· Implement screening protocols for all federal immigration enforcement to consistently identify labor trafficked and exploited victims.

To read all of the recommendations to better identify labor trafficking and exploitation visit http://www.theadvocatesforhumanrights.org/labor_trafficking_report.

By Biftu Bussa, a student at St. Catherine University in Saint Paul, Minnesota (class of 2018) with a major in Public Health and Psychology. During the fall of 2016, she was a research intern with The Advocates’ human trafficking team.

This post is the second in a series on labor trafficking.  Additional post in the series include:

Shedding light: Labor Exploitation and Labor Trafficking

Rebuilding Lives and Protecting Victims of Human Trafficking

 

Shedding light: Labor Exploitation and Labor Trafficking

shadow dudeMost people are troubled by the thought of workers being underpaid, unsafe, or otherwise exploited, but many remain silent, discouraged by the seeming impunity for exploitive employers.

Because labor exploitation is so widespread, traffickers often operate undetected, assumed to be merely another bad employer. Trafficking is viewed as a distant crime, something that occurs in a different city, state, or country than our own. When we look closer, though, we can see that trafficking and exploitation happen here.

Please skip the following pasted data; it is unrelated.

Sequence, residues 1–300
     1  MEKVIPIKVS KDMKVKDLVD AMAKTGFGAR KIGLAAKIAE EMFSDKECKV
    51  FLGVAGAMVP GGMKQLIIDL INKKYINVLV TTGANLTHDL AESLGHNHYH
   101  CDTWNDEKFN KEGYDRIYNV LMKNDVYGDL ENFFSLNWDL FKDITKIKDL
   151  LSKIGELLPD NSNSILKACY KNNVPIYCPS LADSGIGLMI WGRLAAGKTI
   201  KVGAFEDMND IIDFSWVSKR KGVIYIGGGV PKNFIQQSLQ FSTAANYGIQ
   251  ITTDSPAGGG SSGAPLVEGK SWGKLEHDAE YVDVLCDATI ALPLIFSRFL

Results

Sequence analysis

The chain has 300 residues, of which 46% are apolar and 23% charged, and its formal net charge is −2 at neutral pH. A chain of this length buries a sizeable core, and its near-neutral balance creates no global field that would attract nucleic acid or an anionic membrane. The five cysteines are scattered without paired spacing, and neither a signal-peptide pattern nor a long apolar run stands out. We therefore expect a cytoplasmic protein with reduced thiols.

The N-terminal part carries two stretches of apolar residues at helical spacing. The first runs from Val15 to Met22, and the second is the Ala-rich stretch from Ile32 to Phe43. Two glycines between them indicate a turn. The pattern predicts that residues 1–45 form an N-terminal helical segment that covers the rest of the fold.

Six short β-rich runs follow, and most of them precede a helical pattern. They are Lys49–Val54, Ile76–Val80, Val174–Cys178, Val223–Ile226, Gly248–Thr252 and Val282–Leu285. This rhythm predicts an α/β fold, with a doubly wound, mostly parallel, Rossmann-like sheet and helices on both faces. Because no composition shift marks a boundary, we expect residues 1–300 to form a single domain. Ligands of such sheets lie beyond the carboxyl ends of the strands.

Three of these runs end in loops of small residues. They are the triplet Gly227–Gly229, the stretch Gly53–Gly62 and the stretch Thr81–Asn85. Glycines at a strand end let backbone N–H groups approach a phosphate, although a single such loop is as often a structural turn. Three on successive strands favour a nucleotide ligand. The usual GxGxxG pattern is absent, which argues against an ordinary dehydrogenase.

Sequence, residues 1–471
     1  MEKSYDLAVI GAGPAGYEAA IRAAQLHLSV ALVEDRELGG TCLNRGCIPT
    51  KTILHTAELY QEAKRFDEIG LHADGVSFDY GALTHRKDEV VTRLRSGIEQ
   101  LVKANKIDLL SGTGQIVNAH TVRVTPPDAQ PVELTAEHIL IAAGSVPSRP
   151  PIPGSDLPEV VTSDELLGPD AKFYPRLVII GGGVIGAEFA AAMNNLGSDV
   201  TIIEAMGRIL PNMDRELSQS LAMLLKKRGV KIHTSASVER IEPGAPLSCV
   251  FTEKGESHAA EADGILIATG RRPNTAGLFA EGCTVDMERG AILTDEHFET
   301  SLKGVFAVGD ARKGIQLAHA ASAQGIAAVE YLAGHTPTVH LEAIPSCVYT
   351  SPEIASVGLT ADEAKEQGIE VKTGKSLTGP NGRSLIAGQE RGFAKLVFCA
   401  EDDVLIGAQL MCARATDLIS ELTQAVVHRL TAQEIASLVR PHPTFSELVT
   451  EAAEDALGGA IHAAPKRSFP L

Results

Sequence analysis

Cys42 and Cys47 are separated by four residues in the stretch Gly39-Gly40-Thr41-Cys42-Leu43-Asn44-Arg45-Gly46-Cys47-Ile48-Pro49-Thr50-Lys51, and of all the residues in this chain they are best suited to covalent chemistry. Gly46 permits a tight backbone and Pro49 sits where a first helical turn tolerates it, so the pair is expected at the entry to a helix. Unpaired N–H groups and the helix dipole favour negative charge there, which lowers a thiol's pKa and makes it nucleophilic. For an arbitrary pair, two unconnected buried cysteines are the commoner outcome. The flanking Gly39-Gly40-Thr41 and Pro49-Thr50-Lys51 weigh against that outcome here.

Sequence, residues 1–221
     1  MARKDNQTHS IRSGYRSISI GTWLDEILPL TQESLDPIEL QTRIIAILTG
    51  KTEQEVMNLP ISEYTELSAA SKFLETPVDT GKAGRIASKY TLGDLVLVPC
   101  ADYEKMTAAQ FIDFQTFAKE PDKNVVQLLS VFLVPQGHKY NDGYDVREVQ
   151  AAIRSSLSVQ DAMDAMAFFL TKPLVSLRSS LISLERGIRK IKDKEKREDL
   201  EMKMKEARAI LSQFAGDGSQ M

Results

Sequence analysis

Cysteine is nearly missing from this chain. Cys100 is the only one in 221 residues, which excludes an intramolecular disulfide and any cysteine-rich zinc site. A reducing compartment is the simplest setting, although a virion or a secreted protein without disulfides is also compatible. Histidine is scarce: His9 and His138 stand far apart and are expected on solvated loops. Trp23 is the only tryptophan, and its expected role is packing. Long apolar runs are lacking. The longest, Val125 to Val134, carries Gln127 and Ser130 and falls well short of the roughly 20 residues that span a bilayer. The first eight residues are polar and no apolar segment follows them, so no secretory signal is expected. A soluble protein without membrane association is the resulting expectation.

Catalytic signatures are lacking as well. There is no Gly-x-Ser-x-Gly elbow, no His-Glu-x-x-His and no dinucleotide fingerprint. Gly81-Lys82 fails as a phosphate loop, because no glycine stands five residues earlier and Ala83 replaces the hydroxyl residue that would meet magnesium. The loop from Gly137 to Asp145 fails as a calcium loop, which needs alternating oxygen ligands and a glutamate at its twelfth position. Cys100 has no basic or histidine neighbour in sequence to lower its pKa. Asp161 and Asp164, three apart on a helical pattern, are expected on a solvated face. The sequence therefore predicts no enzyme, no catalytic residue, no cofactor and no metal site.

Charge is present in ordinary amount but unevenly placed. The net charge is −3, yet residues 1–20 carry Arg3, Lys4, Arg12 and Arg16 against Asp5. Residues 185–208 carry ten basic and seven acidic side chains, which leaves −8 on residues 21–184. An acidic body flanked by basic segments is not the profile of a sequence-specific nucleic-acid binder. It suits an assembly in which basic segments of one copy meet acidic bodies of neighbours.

The Advocates recently released a report titled “Asking the Right Questions: A Human Rights Approach to Ending Trafficking and Exploitation in the Workplace.” The report examines the experiences of labor trafficked and exploited victims in Minnesota, the opportunity Minnesota has to ensure that all workers, both U.S. and foreign-born, choose employment freely and are fully compensated for their work; methods and signs we all can use to detect labor trafficking and exploitation; ways in which current protections fall short; and recommendations for change.